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Service weekend repairs hurricane-devastated homes while honoring Dr. King’s legacy

Service weekend repairs hurricane-devastated homes while honoring Dr. King’s legacy
Photo courtesy of Dan O’Mara

By Jessica Brodie

MARION—Sixteen months after Hurricane Florence battered the coastal Carolinas, devastating homes and towns alike, more than 50 United Methodists gathered for a weekend designed to rebuild and repair homes in the McColl, Lakeview, Dillon, Latta and Mullins communities of South Carolina.

The service project was held over the Martin Luther King Jr. holiday weekend, Jan. 18-20, both as an opportunity to give volunteers a long weekend to help, as well as to honor the legacy of King, one of the civil rights movement’s greatest heroes and servant-leaders.

“The weekend was a spirit-filled event that made a difference to a lot of families who are still recovering in our conference,” said Tim Whitten, conference disaster recovery director. “We are quickly nearing the halfway point of our Hurricane Florence recovery, and I am grateful for each person who has shown up so far to participate.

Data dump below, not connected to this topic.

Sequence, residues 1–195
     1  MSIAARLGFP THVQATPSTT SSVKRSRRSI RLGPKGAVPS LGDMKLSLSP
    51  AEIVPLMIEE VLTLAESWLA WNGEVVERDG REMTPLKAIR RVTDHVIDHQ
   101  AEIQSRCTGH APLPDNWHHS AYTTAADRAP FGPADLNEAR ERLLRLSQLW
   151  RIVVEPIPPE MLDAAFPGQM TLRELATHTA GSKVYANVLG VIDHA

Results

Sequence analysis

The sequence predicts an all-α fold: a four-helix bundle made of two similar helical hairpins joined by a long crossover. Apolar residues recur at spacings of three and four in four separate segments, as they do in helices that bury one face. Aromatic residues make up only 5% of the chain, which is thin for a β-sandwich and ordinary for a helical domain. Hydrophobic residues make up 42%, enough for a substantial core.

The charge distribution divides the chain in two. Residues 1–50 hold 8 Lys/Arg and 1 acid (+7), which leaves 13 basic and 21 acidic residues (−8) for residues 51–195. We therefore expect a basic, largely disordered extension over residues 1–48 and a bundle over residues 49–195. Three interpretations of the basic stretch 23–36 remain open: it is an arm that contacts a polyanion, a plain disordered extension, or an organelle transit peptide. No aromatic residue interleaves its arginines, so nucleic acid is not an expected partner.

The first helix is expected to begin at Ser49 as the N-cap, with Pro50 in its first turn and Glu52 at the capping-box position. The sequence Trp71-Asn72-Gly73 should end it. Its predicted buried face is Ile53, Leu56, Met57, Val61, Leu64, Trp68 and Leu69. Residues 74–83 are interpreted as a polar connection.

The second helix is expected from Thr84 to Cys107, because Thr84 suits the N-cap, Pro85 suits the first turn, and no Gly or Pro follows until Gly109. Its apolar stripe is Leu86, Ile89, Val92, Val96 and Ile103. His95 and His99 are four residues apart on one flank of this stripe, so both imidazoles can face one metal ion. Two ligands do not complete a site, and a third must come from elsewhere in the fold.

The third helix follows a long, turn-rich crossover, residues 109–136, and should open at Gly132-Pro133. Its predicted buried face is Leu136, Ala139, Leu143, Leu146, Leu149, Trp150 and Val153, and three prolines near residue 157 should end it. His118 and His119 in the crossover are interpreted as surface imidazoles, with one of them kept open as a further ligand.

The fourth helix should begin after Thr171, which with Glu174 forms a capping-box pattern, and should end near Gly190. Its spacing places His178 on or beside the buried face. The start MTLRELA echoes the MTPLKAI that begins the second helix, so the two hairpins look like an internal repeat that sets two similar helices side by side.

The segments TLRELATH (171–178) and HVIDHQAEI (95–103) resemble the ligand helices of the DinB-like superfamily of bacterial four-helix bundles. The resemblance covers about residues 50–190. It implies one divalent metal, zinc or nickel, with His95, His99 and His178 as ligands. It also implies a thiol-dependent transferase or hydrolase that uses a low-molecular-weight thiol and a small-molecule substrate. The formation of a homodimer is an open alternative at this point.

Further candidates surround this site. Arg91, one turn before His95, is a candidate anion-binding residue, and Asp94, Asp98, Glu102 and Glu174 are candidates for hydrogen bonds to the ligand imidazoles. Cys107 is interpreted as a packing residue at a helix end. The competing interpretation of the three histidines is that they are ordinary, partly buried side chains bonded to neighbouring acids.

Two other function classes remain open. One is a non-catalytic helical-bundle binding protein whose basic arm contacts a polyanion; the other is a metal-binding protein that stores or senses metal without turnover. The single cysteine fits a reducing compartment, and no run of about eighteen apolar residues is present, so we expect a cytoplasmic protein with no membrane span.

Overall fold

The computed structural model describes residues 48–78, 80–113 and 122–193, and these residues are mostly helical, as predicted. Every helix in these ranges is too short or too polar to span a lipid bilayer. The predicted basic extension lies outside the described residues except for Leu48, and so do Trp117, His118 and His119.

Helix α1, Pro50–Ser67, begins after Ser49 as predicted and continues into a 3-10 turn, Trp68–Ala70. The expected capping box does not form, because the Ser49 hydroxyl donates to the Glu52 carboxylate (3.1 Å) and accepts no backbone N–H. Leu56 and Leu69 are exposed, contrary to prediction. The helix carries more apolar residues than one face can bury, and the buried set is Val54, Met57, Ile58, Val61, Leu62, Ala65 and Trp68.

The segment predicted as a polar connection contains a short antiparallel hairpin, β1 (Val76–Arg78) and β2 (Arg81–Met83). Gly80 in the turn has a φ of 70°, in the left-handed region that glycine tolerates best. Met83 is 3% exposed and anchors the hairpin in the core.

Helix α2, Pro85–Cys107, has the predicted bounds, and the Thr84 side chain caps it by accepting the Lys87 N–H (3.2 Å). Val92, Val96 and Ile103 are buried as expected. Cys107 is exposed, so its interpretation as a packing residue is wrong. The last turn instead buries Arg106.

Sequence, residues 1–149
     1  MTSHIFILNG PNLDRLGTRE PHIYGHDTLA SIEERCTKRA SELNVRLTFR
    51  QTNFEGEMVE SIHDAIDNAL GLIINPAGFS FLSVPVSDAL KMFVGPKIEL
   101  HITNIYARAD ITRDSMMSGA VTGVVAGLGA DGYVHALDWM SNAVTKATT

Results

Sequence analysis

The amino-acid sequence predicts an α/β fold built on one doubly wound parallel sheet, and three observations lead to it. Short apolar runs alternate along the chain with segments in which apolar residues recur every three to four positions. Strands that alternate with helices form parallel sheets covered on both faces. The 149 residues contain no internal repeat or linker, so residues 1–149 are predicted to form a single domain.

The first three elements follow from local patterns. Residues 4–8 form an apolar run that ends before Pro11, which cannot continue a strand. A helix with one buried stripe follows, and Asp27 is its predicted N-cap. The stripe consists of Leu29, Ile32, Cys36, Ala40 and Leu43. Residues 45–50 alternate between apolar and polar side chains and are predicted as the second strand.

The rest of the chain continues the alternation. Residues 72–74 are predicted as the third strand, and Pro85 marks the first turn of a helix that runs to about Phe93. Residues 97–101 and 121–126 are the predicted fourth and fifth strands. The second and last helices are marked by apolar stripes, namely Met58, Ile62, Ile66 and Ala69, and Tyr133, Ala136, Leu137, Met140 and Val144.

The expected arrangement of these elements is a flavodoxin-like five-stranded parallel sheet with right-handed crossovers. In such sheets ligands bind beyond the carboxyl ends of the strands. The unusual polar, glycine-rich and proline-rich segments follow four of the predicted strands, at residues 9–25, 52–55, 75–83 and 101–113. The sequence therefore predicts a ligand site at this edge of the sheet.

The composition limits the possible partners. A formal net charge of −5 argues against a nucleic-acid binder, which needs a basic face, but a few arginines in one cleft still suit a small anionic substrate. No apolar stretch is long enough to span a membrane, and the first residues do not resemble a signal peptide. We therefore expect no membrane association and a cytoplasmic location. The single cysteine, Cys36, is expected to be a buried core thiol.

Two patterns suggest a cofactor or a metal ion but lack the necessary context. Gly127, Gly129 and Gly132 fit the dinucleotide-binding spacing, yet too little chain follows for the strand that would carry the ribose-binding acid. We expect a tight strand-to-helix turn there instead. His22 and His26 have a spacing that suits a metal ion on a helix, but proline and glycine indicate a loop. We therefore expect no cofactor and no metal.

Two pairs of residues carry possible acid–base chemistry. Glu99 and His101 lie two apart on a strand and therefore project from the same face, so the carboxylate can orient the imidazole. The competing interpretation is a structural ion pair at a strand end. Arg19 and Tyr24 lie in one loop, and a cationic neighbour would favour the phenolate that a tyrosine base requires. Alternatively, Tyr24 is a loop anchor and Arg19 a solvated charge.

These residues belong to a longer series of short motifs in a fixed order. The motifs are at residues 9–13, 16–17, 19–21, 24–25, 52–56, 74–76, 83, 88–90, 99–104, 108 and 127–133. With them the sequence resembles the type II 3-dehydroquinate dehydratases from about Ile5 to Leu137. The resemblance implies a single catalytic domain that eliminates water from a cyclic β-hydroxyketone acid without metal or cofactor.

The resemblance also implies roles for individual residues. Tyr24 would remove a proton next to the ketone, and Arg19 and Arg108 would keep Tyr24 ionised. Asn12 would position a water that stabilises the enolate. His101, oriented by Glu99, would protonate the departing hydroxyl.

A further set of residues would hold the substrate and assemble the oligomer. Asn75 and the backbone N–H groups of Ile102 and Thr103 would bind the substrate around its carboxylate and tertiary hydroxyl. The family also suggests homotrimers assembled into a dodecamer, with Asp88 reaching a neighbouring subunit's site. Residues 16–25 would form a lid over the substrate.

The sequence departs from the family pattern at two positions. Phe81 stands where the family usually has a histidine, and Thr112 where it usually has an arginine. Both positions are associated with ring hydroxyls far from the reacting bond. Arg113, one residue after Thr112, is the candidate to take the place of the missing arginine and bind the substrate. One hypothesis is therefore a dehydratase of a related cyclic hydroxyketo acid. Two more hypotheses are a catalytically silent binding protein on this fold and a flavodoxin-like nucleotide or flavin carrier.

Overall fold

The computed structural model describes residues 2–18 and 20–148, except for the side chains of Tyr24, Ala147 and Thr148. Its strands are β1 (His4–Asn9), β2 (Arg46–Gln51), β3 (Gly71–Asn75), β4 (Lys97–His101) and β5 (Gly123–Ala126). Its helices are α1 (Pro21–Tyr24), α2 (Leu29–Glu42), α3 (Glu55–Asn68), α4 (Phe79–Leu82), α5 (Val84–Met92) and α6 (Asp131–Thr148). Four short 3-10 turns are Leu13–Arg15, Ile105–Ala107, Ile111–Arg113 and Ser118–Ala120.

“Rolling your sleeves up and committing yourself to making someone else’s life better is what the church’s mission is all about. This weekend exemplified that perfectly.”

Whitten said 55 volunteers worked on eight homes during the MLK weekend. First United Methodist Church, Marion, served as the check-in site each day.

While there were community volunteers from the United Way and Red Cross, Whitten said the majority of volunteers came from churches within the South Carolina Conference of the UMC.

Work included everything from drywall and flooring repairs to painting and trim work.

Hurricane Florence hit South Carolina in September 2018, causing a swath of devastating flooding from the Pee Dee to the beach. Weeks later, on Oct. 11, Hurricane Michael swept up the Gulf Coast and hit South Carolina as a tropical storm, compounding the damage.

The MLK service weekend was the second time the conference has gathered as a group to help rebuild after the damage caused by Hurricane Florence. On Sept. 21, more than 100 people gathered for a conference-wide Disaster Recovery Day of Service at St. Paul UMC, Chesterfield, to work on 12 sites across the Pee Dee.

Whitten said disaster recovery is currently scheduling two- to five-day work teams for summer and fall. To learn more or become part of a team, contact Emily Kirby at elkirby@umcsc.org.

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